Some Florida fans are intrigued by the idea that Urban Meyer's former Utah offensive coordinator Mike Sanford was fired at UNLV Monday. Could he be the right guy to put some juice back into UF's playcalling? Perhaps, but I don't think you'll see that. Sanford left after the regular season instead of waiting until after the Utah Fiesta Bowl, something Urban Meyer was not crazy about. He also was a little too aggressive about trying to declare himself the tue architect of the Utah success, which didn't play well inside the UF staff. This may be a moot point since there's not an opening at UF and probably won't be one on that side of the ball this year, but if it occurs I doubt Sanford becomes a factor in Gainesville.
Jon Gruden's decision to stay with ESPN for the forseeable future is a good one. He makes good points on the Monday Night Football broadcasts and comes off as an energetic, likable personality. If he wants, he could easily be John Madden for the coming generation. Beyond that, this is a jampacked year for NFL coaching candidates. Mike Shanahan wants back in. Bill Cowher reportedly is willing to listen again. Mike Holmgren and Brian Billick have Super Bowl wins on their resumes and are available as well. If you're Gruden and you know that's the case, why not keep collecting the Bucs checks and living the easier life of a broadcaster for a few years until your market value is at its peak?
If it seems to you that the NFL's entire style of play has changed in the past few seasons, you're right. Rick Gosselin of the Dallas Morning News shows that the days when running was the key to winning in the NFL have gone the way of the dodo. As recently as 2007, a 300 yard passer didn't necessarily mean good things for your team's chances of winning a game. Now, it practically ensures they'll win. Speaking of winning, Freakonomics author Steven Levitt feels Bill Belichick made a good choice by going for it at his own 28 Sunday night. While I agree that teams do punt too often, this choice still seems to have been an totally unneeded risk for the Patriots.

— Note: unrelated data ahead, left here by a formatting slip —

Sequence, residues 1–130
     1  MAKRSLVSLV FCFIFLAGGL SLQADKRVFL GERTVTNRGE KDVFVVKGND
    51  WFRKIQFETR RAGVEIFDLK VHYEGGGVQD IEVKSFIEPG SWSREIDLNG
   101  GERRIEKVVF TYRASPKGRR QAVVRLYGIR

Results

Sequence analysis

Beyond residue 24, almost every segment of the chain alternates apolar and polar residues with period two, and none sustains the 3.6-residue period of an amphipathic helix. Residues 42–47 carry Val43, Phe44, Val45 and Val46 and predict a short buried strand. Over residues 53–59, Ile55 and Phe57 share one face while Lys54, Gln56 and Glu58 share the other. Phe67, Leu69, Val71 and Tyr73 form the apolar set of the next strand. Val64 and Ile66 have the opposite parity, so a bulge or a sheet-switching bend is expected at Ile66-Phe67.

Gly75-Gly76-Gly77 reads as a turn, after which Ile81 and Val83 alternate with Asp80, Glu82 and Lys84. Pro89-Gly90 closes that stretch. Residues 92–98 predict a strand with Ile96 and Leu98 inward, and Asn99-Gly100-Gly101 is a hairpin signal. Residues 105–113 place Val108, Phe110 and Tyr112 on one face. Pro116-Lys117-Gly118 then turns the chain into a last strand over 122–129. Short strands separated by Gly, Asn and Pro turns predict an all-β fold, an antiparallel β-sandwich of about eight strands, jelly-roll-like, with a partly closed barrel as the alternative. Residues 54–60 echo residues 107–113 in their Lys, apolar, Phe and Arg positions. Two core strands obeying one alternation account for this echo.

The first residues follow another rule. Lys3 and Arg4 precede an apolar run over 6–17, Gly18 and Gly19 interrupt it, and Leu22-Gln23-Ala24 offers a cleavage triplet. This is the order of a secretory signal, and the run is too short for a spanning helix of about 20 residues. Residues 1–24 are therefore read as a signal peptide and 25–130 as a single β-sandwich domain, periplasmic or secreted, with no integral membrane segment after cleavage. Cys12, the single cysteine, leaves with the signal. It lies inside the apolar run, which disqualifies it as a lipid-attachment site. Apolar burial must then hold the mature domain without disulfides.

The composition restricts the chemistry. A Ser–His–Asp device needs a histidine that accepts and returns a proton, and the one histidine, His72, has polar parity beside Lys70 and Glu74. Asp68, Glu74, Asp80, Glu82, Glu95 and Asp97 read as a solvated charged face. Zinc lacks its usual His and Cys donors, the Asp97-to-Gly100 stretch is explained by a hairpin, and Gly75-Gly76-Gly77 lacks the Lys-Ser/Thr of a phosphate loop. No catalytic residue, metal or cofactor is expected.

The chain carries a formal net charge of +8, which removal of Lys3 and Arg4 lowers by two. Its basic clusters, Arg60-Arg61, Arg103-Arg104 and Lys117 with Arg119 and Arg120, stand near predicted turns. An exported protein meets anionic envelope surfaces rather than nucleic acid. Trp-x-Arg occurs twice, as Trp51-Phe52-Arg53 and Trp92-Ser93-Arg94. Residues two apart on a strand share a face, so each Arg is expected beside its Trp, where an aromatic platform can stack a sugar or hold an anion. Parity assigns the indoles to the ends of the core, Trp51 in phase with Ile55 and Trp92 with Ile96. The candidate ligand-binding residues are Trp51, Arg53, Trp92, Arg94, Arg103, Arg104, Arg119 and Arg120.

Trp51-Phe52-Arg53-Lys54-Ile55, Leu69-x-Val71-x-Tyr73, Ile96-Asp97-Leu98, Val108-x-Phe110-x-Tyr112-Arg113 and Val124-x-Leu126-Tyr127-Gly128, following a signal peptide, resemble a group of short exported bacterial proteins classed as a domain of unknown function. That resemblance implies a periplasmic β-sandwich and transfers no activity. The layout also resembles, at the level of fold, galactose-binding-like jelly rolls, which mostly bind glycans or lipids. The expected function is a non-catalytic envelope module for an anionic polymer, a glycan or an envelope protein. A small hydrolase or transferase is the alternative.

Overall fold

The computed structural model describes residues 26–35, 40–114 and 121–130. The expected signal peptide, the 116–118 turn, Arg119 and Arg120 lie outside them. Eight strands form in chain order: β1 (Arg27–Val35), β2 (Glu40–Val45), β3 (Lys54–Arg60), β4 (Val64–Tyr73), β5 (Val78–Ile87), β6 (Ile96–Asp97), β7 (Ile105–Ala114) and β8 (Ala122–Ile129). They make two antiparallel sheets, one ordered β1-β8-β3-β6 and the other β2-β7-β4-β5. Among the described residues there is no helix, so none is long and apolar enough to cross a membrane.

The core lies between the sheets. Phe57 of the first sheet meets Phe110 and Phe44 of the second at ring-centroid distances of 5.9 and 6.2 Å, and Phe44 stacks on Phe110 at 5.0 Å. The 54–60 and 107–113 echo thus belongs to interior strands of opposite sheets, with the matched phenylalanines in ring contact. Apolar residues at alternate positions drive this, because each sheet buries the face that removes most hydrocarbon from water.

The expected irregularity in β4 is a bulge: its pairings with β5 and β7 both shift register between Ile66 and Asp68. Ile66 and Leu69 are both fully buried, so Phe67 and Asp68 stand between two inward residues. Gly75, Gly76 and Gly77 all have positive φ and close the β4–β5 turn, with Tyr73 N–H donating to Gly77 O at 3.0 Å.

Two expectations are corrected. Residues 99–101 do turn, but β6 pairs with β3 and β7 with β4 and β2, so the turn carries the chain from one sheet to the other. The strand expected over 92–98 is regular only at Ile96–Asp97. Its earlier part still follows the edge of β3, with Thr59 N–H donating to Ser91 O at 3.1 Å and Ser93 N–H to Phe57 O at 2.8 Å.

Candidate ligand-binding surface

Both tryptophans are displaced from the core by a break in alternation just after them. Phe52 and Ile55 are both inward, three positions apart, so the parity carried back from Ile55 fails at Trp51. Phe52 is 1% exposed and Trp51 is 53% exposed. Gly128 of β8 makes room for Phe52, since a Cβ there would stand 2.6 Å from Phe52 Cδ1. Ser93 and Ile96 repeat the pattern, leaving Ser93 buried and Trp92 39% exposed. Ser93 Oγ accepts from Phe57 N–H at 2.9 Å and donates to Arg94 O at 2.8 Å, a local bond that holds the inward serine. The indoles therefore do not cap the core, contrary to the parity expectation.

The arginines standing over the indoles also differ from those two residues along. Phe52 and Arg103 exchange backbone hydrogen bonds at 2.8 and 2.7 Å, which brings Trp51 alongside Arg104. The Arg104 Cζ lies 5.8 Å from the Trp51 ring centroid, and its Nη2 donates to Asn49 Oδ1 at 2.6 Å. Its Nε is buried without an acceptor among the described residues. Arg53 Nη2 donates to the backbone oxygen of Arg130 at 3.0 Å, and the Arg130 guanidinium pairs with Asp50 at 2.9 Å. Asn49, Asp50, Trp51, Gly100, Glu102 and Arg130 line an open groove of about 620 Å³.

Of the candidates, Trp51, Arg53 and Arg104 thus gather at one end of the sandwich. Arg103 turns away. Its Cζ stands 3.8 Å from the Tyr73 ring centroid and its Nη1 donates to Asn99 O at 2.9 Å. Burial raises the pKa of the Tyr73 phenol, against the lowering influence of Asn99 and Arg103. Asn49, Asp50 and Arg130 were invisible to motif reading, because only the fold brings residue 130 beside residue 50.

The news that Ken Ober had died caught me off guard yesterday. If the name means nothing to you, it's understandable - you just aren't the right age. Ober's primary claim to fame was being the creator and host of MTV's Remote Control, which began airing as I started high school and ended its run when I graduated. What blows me away is the amount of comedy talent that worked on that show part time. Denis Leary and Adam Sandler performed in bits. Colin Quinn was the announcer. It was funny and it was different from anything else that was on at the time. I knew Ober had done some other comedy work, but hadn't paid much attention other than his roles in the occasional Blues Traveler video. The funny Remote Control guy from my high school years was 52, and now he's dead. Just another reminder for me that time moves way too quickly.